Review Scores
  Camera
Model
cameralabs dpreview ephotozine imaging-resource photographyblog Camera
Launch
(announced)
Launch
Price
(USD)
Street
Price
(USD)
Used
Price
(USD)
Camera
Model
Sony A6500»HiRec85/1004.5/55/54.5/5 Oct 2016 1,399 i i Sony A6500
Olympus E-M5«HiRec80/1004.5/55/55/5 Feb 2012 1,299- i Olympus E-M5
Canon G1 X Mark III« »Rec79/1004.5/5-4.5/5 Oct 2017 1,299 i i Canon G1 X Mark III
Fujifilm X-Pro2« »Rec83/1004.5/54.5/54.5/5 Jan 2016 1,699 i i Fujifilm X-Pro2
Olympus PEN-F« »-82/1004.5/54.5/55/5 Jan 2016 1,199 i i Olympus PEN-F
Olympus E-M5 II« »HiRec81/1005/54.5/55/5 Feb 2015 1,099 i i Olympus E-M5 II
Olympus E-M1« »HiRec84/1004.5/54.5/54.5/5 Sep 2013 1,399- i Olympus E-M1
Olympus E-P5« »HiRec78/1004.5/54.5/55/5 May 2013 999- i Olympus E-P5
Panasonic GX8« »Rec82/1004.5/55/54.5/5 Jul 2015 1,199- i Panasonic GX8
Panasonic GX7« »Rec79/1005/54.5/55/5 Aug 2013 999- i Panasonic GX7
Sony A9« »HiRec89/1005/55/55/5 Apr 2017 4,499 i i Sony A9
Sony A6300« »Rec85/1005/55/55/5 Feb 2016 999- i Sony A6300
Sony RX10 III« »Rec84/1004.5/54.5/54.5/5 Mar 2016 1,499 i i Sony RX10 III
Sony RX10 II« »HiRec82/1004.5/54.5/54/5 Jun 2015 1,299- i Sony RX10 II
Sony A7« »HiRec80/1005/54.5/55/5 Oct 2013 1,699- i Sony A7
Sony NEX-7« »HiRec81/1004.5/55/55/5 Aug 2011 1,349- i Sony NEX-7

The review scores listed above should be treated with care, though. The ratings are only valid when referring to cameras in the same category and of the same age. Thus, a score needs to be put into the context of the launch date and the launch price of the camera, and comparing ratings of very distinct cameras or ones that are far apart in terms of their release date have little meaning. It should also be noted that some of the review sites have over time altered the way they render their verdicts.

 

Other camera comparisons

Did this review help to inform your camera decision process? In case you would like to check on the differences and similarities of other camera models, just use the search menu below. An an alternative, you can also directly jump to any one of the listed comparisons that were previously generated by the CAM-parator tool.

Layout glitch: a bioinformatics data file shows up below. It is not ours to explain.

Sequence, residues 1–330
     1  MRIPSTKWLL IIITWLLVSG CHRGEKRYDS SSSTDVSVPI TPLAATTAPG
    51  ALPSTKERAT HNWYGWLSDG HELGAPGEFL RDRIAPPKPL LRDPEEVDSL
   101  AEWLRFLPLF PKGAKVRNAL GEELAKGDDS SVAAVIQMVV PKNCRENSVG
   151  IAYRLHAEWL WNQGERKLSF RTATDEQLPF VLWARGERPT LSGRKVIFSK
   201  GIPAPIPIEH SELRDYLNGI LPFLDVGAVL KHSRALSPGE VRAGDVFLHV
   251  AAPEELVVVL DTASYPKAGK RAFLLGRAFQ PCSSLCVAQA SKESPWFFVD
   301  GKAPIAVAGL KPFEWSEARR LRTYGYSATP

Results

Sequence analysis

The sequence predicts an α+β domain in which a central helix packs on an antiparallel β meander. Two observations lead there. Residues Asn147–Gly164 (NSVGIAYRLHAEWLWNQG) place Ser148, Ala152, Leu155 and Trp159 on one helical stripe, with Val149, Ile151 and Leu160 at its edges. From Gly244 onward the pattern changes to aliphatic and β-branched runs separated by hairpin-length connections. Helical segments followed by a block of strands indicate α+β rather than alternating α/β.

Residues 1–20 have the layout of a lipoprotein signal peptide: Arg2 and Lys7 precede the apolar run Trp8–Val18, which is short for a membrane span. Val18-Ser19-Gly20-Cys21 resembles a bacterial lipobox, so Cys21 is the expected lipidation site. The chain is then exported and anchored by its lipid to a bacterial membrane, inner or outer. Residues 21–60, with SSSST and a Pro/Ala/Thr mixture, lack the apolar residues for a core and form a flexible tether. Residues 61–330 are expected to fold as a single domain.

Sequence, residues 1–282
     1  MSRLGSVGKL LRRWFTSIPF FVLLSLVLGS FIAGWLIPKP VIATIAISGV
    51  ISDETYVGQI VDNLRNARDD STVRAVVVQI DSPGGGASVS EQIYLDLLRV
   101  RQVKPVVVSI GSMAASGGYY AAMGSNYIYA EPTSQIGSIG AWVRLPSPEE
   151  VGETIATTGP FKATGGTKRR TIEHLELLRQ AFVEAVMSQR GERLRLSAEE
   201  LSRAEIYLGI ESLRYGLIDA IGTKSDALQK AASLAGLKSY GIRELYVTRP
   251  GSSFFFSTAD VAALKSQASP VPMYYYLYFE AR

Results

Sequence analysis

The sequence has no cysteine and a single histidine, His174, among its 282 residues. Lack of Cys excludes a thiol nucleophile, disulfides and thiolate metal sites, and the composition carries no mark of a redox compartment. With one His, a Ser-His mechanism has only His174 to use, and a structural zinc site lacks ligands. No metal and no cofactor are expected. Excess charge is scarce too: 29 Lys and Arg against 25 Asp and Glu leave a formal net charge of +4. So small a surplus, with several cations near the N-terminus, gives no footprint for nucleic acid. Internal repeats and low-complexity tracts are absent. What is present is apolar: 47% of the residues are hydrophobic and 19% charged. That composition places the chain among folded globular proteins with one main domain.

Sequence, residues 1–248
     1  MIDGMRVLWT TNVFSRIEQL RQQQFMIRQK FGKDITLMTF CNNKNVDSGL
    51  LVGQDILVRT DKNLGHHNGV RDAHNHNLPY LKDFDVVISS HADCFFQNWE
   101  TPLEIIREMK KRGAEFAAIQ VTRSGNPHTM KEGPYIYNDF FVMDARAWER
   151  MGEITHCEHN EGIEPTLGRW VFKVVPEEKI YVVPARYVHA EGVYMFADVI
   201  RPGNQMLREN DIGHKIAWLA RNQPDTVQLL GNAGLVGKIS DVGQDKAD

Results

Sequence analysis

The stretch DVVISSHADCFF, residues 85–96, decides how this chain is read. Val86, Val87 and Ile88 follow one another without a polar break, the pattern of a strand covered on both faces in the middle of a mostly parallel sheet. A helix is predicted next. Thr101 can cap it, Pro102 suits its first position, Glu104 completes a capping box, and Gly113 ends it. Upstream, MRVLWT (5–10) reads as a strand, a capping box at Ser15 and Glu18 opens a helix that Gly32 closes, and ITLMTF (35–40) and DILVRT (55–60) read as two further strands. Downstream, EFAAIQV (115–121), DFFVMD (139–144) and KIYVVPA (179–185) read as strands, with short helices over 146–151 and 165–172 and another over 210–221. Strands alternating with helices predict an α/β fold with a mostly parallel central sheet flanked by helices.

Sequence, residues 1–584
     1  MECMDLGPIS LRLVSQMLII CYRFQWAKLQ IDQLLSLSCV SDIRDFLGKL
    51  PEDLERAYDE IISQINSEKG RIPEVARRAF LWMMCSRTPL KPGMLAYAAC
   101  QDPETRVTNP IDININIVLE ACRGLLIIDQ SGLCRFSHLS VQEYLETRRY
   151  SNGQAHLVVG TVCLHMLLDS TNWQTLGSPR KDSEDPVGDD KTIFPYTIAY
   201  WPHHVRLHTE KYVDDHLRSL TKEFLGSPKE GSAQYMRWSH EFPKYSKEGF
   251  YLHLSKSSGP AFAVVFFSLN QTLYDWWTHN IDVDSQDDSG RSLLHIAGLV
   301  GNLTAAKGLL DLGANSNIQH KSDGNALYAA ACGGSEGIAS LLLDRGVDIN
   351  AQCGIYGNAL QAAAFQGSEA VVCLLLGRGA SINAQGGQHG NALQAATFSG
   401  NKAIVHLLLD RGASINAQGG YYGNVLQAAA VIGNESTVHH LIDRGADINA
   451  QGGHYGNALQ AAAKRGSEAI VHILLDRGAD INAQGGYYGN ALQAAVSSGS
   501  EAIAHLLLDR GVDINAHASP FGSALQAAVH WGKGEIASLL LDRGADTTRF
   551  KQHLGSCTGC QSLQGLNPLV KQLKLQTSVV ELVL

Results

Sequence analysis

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    Specifications: Sony A6500 vs Olympus E-M5

    Camera Specifications
    Camera Model Sony A6500 Olympus E-M5
    Camera Type Mirrorless system camera Mirrorless system camera
    Camera Lens Sony E mount lenses Micro Four Thirds lenses
    Launch Date October 2016 February 2012
    Launch Price USD 1399 USD 1299
    Sensor Specs
    Sensor Technology CMOS CMOS
    Sensor Format APS-C Sensor Four Thirds Sensor
    Sensor Size 23.5 x 15.6 mm 17.3 x 15.6 mm
    Sensor Area 366.6 mm2 224.9 mm2
    Sensor Diagonal 28.2 mm 21.6 mm
    Crop Factor 1.5 2.0
    Sensor Resolution 24 Megapixels 15.9 Megapixels
    Image Resolution 6000 x 4000 pixels 4608 x 3456 pixels
    Pixel Pitch 3.91 μm 3.76 μm
    Pixel Density 6.55 MP/cm2 7.08 MP/cm2
    Movie Capability 4K/30p Video 1080/60i Video
    ISO Setting 100-25600 ISO 200-25600 ISO
    ISO Boost 100-51200 ISO no Enhancement
    Image Processor BIONZ X TruePic VI
    Screen Specs
    Viewfinder Type Electronic viewfinder Electronic viewfinder
    Viewfinder Resolution 2359k dots 1440k dots
    Rear LCD Size 3.0 inch 3.0 inch
    LCD Resolution 922k dots 610k dots
    LCD Attachment Tilting screen Tilting screen
    Touch Input Touchscreen Touchscreen
    Shooting Specs
    Maximum Shutter Speed 1/4000s 1/4000s
    Continuous Shooting 11 shutter flaps/s 9 shutter flaps/s
    Silent ShootingElectronic Shutterno E-Shutter
    Image StabilizationIn-body stabilizationIn-body stabilization
    Fill Flash Build-in Flash no On-Board Flash
    Storage Medium MS or SDXC cards SDXC cards
    Connectivity Specs
    USB Connector USB 2.0 USB 2.0
    HDMI Port micro HDMI mini HDMI
    Microphone Port External MIC port no MIC socket
    Wifi Support Wifi built-in no Wifi
    Near-Field Communication NFC built-in no NFC
    Body Specs
    Environmental SealingWeathersealed bodyWeathersealed body
    Battery Type NP-FW50 power pack BLN-1 power pack
    Battery Life (CIPA)350 shots per charge360 shots per charge
    Body Dimensions 120 x 67 x 53 mm
    (4.7 x 2.6 x 2.1 in)
    122 x 89 x 43 mm
    (4.8 x 3.5 x 1.7 in)
    Camera Weight 453 g (16.0 oz) 425 g (15.0 oz)